Avoid the crowds and plan a fuss-free reunion dinner this year with convenient delivery services.

You have seen the lights and lanterns and heard the festive tunes carrying through shopping malls and supermarkets. And if that is not enough to clue you in, the assortment of rooster paraphernalia should. The annual Lunar New Year celebration is just around the corner.

However, despite the bright colours and seemingly jaunty music, some Singaporeans view the 15-day event as more of an aggravation than a celebration. Crowded shopping malls, snaking lines at the bank and having to awkwardly sit around a room people listening to your elders subtly – or unabashedly, depending on your family – boast about the achievements of their offspring are just some reasons to drag your feet.

While we can’t help you much with the latter, we have a couple of tips on how to better prepare for the upcoming New Year.


1. Look the Part

What better way to silence the naysayers than to look impeccably put together? Feel extra smug by patronising social enterprises that make a positive impact through their businesses. Get a manicure at The Nail Social where underprivileged women find employment and training to achieve financial stability and self-sufficiency. You can also shop for clothes from these sustainable fashion brands. Don’t forget to incorporate red in your New Year get-up for it represents much more than simply good fortune; it also expresses happiness, beauty as well as success in Chinese culture. Add a pop of red to your outfit with this peony pouch from Indie Mama – a social enterprise that provides employment to the economically-disadvantaged.

2. Get New Notes

Certain trips to the bank are inevitable. The annual pre-Chinese New Year pilgrimage for crisp new notes is one of them. If you’re not already expected to be handing out red packets, count yourself fortunate. But for those bracing themselves for the lines at the bank, don’t fret! Reserve your new notes online with DBS or visit any of their 22 Pop-up ATMs. If you’d still like to head to the bank, DBS also has SMS ‘Q’, an innovative service that notifies customers via text when they are ready to be served. How it works: simply text ‘Q’ to the number of the branch you’re intending to visit and you’ll be notified when your turn is near. Trust us, your parents will thank you for this.


3. Rack up the Snacks

It isn’t Chinese New Year without your hands constantly full with something to snack on. Pineapple tarts and ‘love letters’ are undeniably tempting, but there are snacks that are guilt-free and good on the conscience. BoxGreen’s snacks are nutritionist-approved and come in individual packs. It has also introduced a limited edition Cockadoodledoo Box featuring festive treats like matcha pineapple munchies to celebrate the year of the Rooster. A portion of the company’s proceeds also goes towards providing meals for the less privileged in Singapore.

4. Don’t Discount the Sales

Take advantage of Chinese New Year sales and promotions across the island. Better yet, shop from the comfort of your home with e-commerce sites like Lazada, and enjoy attractive deals when paying with credit cards. If you prefer to head to the malls, we recommend using credit and debit cards that give you cash credits this Chinese New Year.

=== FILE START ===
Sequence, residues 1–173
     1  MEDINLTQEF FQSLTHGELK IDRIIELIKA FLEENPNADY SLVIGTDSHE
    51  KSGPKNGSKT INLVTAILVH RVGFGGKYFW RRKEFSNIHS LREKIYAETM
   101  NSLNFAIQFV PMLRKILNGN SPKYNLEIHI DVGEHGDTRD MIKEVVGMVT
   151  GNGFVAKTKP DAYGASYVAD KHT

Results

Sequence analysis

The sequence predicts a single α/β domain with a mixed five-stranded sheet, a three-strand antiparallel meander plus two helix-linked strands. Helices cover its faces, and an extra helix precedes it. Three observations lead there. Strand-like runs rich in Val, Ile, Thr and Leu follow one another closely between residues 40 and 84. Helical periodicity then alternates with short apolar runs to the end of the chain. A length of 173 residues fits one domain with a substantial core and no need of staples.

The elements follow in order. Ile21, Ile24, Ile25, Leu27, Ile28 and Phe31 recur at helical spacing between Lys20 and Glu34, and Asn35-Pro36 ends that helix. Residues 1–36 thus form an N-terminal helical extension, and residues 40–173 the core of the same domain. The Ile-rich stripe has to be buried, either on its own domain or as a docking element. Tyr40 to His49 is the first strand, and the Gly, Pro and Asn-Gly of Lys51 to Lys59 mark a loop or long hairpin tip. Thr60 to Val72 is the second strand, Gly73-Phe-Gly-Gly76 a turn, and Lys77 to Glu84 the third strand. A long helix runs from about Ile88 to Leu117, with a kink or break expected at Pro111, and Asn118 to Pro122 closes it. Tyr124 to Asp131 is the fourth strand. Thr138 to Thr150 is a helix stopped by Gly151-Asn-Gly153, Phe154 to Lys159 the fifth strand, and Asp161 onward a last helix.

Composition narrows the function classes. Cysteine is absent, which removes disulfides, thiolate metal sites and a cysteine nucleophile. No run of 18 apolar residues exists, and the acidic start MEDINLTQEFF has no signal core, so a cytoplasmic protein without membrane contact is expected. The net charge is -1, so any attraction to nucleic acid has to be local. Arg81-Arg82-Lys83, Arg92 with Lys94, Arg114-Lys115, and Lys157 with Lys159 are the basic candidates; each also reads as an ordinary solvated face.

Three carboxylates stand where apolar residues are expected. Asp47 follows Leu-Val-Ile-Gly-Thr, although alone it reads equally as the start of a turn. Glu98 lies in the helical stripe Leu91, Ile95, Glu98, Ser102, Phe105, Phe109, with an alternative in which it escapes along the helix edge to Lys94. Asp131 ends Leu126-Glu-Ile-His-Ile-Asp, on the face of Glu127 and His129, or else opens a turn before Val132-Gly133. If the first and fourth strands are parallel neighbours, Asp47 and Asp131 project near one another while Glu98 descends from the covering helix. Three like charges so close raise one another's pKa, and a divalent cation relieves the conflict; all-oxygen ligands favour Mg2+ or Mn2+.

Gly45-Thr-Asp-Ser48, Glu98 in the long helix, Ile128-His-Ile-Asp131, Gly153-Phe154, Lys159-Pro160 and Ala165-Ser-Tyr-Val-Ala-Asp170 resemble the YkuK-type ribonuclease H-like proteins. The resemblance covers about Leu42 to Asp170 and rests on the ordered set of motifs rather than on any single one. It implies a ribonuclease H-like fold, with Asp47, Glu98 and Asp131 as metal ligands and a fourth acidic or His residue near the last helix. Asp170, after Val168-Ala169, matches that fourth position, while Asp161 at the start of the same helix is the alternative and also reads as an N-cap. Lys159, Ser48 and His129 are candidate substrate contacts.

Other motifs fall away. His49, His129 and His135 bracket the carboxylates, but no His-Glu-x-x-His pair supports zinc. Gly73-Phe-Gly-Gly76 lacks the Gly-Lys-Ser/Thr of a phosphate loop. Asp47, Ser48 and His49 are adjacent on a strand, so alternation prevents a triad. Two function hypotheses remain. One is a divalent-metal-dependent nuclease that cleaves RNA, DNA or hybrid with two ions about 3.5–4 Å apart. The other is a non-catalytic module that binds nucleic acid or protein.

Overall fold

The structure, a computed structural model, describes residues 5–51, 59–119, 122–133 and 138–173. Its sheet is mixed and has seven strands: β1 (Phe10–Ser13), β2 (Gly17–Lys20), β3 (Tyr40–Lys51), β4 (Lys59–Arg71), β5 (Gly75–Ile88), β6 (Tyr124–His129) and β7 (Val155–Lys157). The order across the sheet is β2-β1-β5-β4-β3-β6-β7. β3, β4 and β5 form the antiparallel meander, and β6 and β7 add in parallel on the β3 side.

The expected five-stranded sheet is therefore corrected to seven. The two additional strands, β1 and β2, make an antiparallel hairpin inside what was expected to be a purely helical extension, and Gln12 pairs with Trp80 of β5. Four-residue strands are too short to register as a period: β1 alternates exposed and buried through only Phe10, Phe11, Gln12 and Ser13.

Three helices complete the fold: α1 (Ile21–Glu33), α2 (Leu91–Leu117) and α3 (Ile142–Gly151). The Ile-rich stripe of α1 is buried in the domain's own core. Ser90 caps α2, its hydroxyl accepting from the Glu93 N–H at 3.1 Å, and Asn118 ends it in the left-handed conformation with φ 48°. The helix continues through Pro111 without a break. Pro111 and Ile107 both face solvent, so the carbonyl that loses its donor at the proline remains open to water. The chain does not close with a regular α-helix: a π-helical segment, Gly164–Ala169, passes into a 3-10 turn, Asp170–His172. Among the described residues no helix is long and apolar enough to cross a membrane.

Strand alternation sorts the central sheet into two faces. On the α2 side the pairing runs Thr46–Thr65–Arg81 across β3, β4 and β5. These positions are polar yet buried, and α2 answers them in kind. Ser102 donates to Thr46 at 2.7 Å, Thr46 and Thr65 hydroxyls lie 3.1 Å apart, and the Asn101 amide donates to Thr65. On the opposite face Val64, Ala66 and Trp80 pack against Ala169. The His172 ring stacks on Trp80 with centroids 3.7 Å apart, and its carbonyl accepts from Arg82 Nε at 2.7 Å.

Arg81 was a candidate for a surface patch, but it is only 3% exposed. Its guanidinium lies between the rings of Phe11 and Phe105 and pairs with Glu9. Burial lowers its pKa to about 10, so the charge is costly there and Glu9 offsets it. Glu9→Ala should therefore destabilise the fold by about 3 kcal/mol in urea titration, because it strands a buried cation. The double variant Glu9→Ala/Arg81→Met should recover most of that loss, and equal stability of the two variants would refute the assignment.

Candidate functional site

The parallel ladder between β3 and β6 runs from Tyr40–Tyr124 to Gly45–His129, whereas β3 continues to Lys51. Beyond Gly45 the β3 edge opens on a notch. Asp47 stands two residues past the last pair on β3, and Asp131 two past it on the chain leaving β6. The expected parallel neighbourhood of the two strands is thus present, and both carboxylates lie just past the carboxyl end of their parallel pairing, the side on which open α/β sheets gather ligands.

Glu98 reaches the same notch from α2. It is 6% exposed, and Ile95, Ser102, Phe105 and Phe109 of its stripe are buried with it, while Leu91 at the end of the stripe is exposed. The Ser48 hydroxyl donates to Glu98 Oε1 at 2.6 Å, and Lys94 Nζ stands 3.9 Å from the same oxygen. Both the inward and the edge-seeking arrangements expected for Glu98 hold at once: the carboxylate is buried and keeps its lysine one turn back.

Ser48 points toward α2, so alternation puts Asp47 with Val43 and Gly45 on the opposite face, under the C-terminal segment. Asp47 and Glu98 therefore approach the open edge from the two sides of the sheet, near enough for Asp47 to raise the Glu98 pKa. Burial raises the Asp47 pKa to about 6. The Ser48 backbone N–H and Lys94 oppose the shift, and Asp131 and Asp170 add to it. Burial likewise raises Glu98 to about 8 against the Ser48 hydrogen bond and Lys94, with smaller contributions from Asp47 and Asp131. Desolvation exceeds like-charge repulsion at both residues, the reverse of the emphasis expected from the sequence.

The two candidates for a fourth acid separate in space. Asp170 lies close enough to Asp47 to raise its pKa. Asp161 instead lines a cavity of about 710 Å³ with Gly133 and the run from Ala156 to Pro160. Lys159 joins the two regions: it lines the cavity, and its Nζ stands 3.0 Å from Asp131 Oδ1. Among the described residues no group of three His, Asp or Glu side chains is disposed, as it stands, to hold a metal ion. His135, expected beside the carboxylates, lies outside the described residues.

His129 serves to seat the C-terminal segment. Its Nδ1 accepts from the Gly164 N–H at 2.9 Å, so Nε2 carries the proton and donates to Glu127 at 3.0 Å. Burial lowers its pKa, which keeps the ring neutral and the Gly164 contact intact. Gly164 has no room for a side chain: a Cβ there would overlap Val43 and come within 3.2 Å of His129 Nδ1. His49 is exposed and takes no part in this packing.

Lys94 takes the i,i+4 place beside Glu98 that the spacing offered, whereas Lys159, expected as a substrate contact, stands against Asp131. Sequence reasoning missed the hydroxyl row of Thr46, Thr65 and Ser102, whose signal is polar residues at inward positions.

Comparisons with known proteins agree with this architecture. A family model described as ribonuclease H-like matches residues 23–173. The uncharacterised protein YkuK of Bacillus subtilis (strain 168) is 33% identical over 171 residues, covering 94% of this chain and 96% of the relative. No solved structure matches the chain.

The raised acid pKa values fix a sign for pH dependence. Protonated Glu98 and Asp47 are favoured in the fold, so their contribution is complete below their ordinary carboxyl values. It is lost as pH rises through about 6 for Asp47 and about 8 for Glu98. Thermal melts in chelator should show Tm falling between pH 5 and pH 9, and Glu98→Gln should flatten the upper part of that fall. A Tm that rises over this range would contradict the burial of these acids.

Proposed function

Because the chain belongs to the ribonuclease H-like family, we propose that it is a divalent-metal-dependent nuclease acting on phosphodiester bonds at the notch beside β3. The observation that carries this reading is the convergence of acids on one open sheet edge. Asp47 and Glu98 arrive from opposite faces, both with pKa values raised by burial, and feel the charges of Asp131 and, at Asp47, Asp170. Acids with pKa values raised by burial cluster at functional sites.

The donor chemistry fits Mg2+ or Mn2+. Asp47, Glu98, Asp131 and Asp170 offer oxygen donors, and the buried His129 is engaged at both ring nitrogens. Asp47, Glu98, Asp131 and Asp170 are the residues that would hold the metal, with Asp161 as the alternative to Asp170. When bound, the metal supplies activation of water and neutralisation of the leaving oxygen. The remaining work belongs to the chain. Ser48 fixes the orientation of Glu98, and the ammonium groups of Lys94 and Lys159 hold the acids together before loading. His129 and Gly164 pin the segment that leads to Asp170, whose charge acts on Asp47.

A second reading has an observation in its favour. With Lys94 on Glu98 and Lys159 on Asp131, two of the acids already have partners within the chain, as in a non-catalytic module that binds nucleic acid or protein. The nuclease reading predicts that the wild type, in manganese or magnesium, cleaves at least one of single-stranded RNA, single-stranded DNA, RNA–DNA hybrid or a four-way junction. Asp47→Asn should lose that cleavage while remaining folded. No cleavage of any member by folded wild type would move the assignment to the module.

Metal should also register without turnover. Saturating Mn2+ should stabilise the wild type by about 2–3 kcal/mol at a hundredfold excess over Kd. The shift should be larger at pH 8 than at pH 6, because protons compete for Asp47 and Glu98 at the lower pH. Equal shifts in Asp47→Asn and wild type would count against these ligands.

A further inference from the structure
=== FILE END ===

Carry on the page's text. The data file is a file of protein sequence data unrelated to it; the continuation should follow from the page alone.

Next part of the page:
5. Speak the Language

Most of us would know common Chinese New Year greetings such as 新年快乐 (xīn nián kuài lè or Happy New Year). Take it up a notch this year with these New Year blessings guaranteed to impress. Here are five phrases with their hanyu pinyin pronunciations and meanings to help you:

  • 心想事成 (xīn xiǎng shì chéng): May all your wishes come true
  • 岁岁平安 (suì suì píng ān): May you have peace year after year
  • 年年有馀 (nián nián yǒu yú): Wishing you prosperity every year
  • 合家欢乐 (hé jiā huān lè): Joy to the whole family
  • 金玉滿堂 (jīn yù mǎn táng): May your gold and jade fill the halls

6. Fuss-Free Dining

Half the effort of Chinese New Year goes into preparing the reunion dinner feast on the eve of the celebration. From menu planning to shopping for ingredients, the meal demands a massive effort to ensure everyone is well-fed and happy to usher in a prosperous new year. We say, give the elders a break and order in this year. Reunion steamboat dinners are now a breeze with home delivery services from Hai Di Lao and HappyPot.


7. Give Digital AngPaos

Skip the queues at the bank and cut the environment some slack by going paperless this year. DBS PayLah! is a mobile app that makes it convenient to send and receive eAngPaos from wherever you are. Simply download the app and register for your DBS PayLah! mobile wallet. Non-DBS and POSB customers are eligible for the app too. It’s a nifty way to get your siblings and relatives living abroad to join in on the Chinese New Year festivities.

8. Give Back

While many associate Christmas with the season of giving, the very notion of gifting and receiving is rooted in the core of the Chinese New Year celebrations, which some believe to have started as early as the Shang Dynasty in 1766 BC to 1122 BC. The act of giving during Chinese New Year is as much, if not more, about passing on good wishes and luck for the coming year as it is about the exchange of material goods or cash. So don’t forget to give back what you have had the fortune to receive this year. Here are some of the charity organisations you may easily donate to through the set-up of DBS PayLah!.

Live More. Bank Less.

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